Applied Physics

Powering Up in Single Mode

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Science  05 Apr 2002:
Vol. 296, Issue 5565, pp. 17
DOI: 10.1126/science.296.5565.17b

Rare earth-doped optical fibers are compact and rugged light sources used in the telecommunication industry as lasers and optical amplifiers. For higher powered pulsed applications, their utility is somewhat hampered by the limited power they can carry and emit. One obvious alternative, increasing the diameter of the fiber, has the disadvantage of allowing light to propagate via many transverse modes. Di Teodoro et al. provide a simple solution by introducing a bend in the fiber of just the right geometry that suppresses propagation of the higher order modes. An ytterbium-doped multimode fiber 17 micrometers in diameter can operate in single mode when coiled around a 1.67-micrometer diameter spool and can achieve peak power in excess of 300 kilowatts.—ISO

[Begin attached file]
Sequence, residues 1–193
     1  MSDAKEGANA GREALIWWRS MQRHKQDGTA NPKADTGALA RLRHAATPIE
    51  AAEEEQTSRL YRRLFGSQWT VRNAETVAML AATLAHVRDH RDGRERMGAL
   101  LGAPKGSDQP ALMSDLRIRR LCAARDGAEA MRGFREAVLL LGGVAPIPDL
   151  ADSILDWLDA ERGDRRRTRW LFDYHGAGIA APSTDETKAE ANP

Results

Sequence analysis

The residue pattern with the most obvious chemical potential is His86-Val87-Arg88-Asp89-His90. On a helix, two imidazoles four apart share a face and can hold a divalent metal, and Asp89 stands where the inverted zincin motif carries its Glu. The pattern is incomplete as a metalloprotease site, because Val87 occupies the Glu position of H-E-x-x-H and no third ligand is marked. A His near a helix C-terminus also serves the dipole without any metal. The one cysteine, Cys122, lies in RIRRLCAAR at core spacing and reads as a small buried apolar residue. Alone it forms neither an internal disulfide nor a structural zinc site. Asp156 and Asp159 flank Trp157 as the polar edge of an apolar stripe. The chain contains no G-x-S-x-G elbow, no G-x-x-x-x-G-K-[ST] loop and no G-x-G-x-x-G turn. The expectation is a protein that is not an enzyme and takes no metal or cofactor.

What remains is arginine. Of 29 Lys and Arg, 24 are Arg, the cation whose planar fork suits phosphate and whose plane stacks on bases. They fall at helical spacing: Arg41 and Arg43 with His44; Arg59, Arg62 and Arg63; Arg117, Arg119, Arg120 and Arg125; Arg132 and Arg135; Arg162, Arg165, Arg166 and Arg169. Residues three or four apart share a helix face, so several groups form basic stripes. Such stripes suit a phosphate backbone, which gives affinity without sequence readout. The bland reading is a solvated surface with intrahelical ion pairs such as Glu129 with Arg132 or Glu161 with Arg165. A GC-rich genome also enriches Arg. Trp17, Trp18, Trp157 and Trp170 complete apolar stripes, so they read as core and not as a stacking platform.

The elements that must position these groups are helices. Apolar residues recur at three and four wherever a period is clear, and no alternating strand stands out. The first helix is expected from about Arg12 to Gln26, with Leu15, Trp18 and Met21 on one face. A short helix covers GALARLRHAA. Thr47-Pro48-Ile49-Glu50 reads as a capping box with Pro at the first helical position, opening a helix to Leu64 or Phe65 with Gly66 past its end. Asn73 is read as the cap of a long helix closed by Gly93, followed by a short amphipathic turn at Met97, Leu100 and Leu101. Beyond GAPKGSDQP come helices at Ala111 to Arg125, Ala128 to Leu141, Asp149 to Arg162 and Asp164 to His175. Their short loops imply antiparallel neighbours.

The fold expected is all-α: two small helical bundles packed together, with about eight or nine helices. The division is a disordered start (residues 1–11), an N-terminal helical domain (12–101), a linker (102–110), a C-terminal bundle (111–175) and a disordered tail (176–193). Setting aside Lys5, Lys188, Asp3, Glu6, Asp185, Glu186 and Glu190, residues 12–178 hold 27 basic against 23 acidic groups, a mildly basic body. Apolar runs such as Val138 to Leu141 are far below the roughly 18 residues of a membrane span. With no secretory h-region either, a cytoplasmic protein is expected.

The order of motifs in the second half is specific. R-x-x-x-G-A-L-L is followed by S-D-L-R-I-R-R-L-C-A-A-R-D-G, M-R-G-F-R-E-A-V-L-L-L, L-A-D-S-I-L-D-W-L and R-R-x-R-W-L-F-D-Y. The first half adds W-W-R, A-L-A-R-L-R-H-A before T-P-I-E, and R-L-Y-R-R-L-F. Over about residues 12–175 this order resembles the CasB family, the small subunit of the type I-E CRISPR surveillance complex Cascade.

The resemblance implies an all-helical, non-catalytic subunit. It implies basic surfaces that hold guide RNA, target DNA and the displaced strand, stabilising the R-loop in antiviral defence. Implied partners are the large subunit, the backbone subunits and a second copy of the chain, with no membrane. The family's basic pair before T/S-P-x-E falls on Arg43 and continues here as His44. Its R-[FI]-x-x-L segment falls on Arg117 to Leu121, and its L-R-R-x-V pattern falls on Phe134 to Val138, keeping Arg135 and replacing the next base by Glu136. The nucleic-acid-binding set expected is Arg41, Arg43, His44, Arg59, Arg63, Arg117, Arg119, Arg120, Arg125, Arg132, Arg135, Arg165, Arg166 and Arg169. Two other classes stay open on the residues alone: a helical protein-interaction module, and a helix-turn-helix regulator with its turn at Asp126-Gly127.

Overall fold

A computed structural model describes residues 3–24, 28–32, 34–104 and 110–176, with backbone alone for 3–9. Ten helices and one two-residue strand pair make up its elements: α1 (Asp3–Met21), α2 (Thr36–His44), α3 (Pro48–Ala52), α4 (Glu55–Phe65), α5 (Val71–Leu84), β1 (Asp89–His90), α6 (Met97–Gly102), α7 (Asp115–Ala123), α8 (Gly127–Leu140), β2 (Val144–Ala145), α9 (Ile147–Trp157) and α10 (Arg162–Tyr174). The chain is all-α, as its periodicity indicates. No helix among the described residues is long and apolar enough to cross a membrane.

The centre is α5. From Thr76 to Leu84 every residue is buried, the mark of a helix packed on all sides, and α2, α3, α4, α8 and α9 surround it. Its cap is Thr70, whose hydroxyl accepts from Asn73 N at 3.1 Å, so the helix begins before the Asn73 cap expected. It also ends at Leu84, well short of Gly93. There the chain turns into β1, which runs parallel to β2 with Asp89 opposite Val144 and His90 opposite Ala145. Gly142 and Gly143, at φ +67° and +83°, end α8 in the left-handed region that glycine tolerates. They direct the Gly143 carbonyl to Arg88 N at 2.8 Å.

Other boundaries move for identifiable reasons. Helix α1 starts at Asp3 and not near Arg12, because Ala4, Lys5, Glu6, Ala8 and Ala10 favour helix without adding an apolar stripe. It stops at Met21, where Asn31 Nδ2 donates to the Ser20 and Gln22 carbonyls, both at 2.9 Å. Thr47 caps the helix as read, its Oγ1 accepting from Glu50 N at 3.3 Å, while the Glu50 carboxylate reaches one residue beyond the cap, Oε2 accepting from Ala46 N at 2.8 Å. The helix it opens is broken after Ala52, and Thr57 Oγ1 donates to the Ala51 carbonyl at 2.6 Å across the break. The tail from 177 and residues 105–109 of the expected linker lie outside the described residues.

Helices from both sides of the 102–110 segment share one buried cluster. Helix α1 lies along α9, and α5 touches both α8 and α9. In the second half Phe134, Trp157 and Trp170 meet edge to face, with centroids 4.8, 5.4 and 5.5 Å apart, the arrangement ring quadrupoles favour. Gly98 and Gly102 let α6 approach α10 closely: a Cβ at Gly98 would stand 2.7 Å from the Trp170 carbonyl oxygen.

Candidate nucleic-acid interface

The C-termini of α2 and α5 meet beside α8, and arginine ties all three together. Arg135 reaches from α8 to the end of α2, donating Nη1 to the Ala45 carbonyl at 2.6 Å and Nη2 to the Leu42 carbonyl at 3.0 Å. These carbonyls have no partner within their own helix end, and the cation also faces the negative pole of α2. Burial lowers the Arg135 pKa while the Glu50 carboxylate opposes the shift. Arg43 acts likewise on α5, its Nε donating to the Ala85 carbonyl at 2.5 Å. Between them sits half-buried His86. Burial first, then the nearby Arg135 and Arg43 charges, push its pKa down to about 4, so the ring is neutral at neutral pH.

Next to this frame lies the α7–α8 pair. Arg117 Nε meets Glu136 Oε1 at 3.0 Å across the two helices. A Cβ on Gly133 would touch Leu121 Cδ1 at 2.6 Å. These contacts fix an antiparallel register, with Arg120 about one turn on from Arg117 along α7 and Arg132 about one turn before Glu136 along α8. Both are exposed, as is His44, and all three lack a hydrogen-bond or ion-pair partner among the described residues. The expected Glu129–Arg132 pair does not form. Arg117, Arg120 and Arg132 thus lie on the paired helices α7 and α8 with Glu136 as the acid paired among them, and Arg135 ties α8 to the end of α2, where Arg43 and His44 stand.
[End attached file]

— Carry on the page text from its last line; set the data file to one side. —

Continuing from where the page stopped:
Opt. Lett.27, 518 (2002).

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